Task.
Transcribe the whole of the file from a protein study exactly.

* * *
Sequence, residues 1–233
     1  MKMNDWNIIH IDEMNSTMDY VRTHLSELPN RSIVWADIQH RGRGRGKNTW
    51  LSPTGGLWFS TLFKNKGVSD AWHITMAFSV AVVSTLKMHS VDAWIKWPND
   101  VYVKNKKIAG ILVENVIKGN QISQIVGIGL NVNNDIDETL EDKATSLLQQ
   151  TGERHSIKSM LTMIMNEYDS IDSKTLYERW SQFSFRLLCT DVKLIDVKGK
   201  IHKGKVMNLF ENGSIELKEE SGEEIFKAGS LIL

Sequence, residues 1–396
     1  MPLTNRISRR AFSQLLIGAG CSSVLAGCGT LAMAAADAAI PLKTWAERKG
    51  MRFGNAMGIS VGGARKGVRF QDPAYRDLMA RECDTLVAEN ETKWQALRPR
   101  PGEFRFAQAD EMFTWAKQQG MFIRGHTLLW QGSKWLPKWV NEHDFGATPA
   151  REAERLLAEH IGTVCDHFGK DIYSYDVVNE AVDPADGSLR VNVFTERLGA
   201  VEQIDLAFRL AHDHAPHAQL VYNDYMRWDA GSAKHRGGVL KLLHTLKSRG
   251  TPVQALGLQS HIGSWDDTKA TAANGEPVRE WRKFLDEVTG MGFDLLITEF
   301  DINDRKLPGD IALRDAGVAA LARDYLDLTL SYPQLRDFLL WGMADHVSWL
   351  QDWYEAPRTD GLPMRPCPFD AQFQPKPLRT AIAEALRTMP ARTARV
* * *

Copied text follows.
Sequence, residues 1–233
     1  MKMNDWNIIH IDEMNSTMDY VRTHLSELPN RSIVWADIQH RGRGRGKNTW
    51  LSPTGGLWFS TLFKNKGVSD AWHITMAFSV AVVSTLKMHS VDAWIKWPND
   101  VYVKNKKIAG ILVENVIKGN QISQIVGIGL NVNNDIDETL EDKATSLLQQ
   151  TGERHSIKSM LTMIMNEYDS IDSKTLYERW SQFSFRLLCT DVKLIDVKGK
   201  IHKGKVMNLF ENGSIELKEE SGEEIFKAGS LIL

Sequence, residues 1–396
     1  MPLTNRISRR AFSQLLIGAG CSSVLAGCGT LAMAAADAAI PLKTWAERKG
    51  MRFGNAMGIS VGGARKGVRF QDPAYRDLMA RECDTLVAEN ETKWQALRPR
   101  PGEFRFAQAD EMFTWAKQQG MFIRGHTLLW QGSKWLPKWV NEHDFGATPA
   151  REAERLLAEH IGTVCDHFGK DIYSYDVVNE AVDPADGSLR VNVFTERLGA
   201  VEQIDLAFRL AHDHAPHAQL VYNDYMRWDA GSAKHRGGVL KLLHTLKSRG
   251  TPVQALGLQS HIGSWDDTKA TAANGEPVRE WRKFLDEVTG MGFDLLITEF
   301  DINDRKLPGD IALRDAGVAA LARDYLDLTL SYPQLRDFLL WGMADHVSWL
   351  QDWYEAPRTD GLPMRPCPFD AQFQPKPLRT AIAEALRTMP ARTARV